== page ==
Dick Francis, Grand Master of Mystery

A few weeks ago, while unpacking my fiction library in the new house, I came across my cherished collection of Dick Francis novels.  Although normally I leave empty spaces on the bookshelves for new titles to come, I sadly filled the Francis shelf completely.  An era is over, I thought.  There will be no more of his thick hardcovers with the bold colors and distinctive graphics.

I didn’t know, you see, that Mr. Francis and his son had collaborated on CROSSFIRE, which hit stores in late August.  So it was a lovely surprise to discover that I had one more chance to read a new, albeit posthumous, offering by the grand master of mystery.

In 1983, I had never heard of Dick Francis.  I was working as a clerk at a small private college and on a whim signed up for a class on mysteries.  ODDS AGAINST was the first assigned novel on our reading list.  I remember sitting in my car for my lunch break on a pleasant September day, eating my tuna fish sandwich and reading the opening paragraph about Sid Halley getting shot.

I was galvanized.  I was hooked.  I could barely put the book down in time to return to work.  That night, I galloped through the rest of the story.  It still resonates with me to this day, and I use it as an example of plotting and characterization in my writing classes.  Of course, I sought out the rest of Francis’s novels, devouring them all, and then year after year I eagerly awaited the new one.

His skill, his choice of words, his voice, his characters drawn with such achingly fine perception and nuance, his tight, lean prose … all packaged with horses and the high drama that surrounds race tracks … wow! For Dick Francis to have written book after book, year after year, with such quality is an outstanding achievement.  Of course not all the books are equal.  In the 1990s, Francis responded to public opinion or publisher pressure in a couple of ways:  he lessened the violence level and delved more deeply into characterization.  The books got longer.  They lost some of that lean, swift pacing and linear plotting and gave us glimpses into other professions less connected to the track.  I have my favorites like anyone else, and there are ones that I haven’t much cared for.  Yet any time I’ve gone back and reread the latter, I’ve found a solid, well-crafted story that I usually liked better the second time around.  To have a favorite author who can be reread many times, with pleasure and discovery, is a luxury indeed.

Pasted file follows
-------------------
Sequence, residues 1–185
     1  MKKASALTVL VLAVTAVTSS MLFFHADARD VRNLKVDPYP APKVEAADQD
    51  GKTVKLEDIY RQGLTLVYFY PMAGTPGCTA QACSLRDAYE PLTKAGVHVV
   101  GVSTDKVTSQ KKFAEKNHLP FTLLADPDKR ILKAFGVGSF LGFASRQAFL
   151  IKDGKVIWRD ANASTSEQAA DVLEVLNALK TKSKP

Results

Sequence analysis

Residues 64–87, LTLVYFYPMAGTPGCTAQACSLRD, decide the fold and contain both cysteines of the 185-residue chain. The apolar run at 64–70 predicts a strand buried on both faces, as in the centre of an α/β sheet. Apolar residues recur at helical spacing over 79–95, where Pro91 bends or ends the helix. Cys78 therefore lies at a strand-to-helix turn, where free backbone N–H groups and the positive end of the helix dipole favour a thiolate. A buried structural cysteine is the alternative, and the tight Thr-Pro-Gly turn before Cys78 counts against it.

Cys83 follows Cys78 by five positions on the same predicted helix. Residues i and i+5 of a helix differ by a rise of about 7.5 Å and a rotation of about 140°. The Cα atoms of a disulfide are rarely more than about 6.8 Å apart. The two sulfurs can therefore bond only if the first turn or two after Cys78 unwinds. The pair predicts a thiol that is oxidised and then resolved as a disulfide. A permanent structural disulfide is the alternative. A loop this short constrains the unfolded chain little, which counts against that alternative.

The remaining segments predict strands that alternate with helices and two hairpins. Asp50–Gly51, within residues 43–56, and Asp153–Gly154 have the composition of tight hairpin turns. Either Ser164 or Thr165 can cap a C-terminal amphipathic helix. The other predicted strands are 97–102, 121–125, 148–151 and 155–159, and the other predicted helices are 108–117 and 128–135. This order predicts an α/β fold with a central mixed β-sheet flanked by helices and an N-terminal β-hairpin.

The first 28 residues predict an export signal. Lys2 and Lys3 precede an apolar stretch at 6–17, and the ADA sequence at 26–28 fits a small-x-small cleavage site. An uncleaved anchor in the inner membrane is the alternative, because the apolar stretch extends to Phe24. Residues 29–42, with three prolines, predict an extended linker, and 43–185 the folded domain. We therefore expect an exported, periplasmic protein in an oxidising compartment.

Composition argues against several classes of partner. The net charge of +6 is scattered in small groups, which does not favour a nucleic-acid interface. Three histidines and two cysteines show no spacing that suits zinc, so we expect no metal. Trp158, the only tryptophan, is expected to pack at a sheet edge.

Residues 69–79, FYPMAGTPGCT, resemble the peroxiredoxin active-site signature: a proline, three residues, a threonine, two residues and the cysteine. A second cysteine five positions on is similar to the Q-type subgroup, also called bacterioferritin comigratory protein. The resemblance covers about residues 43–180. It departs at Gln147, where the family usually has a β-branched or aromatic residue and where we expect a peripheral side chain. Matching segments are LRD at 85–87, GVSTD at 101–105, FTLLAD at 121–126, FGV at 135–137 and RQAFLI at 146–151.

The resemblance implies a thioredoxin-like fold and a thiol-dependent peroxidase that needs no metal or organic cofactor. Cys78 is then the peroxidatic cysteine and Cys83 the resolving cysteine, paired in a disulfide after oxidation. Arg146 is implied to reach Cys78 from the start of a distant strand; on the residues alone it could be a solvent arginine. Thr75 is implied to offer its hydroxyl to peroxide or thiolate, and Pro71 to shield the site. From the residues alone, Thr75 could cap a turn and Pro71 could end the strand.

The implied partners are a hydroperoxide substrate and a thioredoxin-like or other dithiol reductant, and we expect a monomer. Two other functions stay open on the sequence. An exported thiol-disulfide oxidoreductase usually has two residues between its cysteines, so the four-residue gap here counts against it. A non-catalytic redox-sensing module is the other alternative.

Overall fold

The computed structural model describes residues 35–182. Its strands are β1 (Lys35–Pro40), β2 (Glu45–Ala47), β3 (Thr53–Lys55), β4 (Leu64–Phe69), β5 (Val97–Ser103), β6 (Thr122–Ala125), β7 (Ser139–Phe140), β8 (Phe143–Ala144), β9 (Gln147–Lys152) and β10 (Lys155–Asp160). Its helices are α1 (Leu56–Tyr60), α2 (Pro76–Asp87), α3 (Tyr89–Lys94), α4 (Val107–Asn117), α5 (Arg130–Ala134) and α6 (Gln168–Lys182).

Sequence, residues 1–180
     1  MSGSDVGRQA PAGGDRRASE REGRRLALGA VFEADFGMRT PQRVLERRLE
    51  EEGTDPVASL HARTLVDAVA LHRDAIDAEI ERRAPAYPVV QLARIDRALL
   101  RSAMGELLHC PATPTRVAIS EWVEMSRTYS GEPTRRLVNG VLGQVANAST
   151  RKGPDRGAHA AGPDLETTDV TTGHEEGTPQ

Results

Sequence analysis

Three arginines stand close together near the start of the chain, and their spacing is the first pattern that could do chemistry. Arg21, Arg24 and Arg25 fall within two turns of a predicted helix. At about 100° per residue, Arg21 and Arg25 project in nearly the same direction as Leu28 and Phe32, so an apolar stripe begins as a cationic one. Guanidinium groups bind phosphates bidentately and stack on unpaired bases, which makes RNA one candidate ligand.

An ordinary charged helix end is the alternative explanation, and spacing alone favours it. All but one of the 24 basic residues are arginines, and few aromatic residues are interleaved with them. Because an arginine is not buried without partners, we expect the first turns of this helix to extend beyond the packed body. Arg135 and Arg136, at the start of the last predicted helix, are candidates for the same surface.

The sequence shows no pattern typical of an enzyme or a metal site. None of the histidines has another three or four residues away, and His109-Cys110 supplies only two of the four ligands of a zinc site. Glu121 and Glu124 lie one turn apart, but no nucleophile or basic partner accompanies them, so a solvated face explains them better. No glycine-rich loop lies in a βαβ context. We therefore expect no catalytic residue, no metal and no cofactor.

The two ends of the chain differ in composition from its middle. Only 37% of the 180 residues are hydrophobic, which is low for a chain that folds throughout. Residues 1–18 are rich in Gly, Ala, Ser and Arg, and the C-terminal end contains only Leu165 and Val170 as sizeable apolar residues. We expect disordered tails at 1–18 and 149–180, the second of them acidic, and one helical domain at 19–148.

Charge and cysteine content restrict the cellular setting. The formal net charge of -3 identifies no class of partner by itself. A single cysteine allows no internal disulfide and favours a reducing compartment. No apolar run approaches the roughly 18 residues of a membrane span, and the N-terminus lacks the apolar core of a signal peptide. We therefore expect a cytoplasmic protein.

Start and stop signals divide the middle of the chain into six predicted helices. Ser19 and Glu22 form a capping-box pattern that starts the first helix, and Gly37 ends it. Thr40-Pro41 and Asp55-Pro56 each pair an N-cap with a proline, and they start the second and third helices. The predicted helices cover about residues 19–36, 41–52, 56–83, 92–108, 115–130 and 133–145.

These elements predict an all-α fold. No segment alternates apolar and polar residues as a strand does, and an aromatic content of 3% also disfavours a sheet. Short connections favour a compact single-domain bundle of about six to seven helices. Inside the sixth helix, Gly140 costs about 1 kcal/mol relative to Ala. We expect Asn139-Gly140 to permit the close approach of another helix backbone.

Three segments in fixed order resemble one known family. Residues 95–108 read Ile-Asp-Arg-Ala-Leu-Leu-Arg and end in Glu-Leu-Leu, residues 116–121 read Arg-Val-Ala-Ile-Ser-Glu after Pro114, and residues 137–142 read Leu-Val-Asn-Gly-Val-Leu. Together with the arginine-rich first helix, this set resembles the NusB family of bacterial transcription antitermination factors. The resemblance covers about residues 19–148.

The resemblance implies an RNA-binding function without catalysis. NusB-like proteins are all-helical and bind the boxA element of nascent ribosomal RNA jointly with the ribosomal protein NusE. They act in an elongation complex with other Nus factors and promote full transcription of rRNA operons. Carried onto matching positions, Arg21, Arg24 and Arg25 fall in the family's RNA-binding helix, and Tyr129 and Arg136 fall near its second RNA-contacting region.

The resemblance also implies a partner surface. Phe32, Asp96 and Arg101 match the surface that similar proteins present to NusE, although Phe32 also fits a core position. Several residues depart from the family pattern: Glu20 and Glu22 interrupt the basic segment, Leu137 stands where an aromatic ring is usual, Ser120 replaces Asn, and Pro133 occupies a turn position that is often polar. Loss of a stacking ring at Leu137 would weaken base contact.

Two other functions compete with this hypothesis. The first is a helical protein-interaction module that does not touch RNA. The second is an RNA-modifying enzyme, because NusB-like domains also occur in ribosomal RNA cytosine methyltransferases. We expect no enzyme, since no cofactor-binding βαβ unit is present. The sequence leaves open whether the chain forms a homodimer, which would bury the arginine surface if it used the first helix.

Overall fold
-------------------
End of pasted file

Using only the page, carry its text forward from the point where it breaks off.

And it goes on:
The recent collaborations with son Felix are welcome.  They aren’t as smooth perhaps as when Mrs. Francis was an unsung assistant.  They do mark a return in violence level more similar to the early works.  Now and then the phrasing of a sentence or paragraph is definitely Felix and not Dick.  Still, if Felix decides to continue writing, I will give him a chance.  I hope he can continue his father’s admirable legacy.

Meanwhile, I’ll leave empty space on my bookshelf, just in case.

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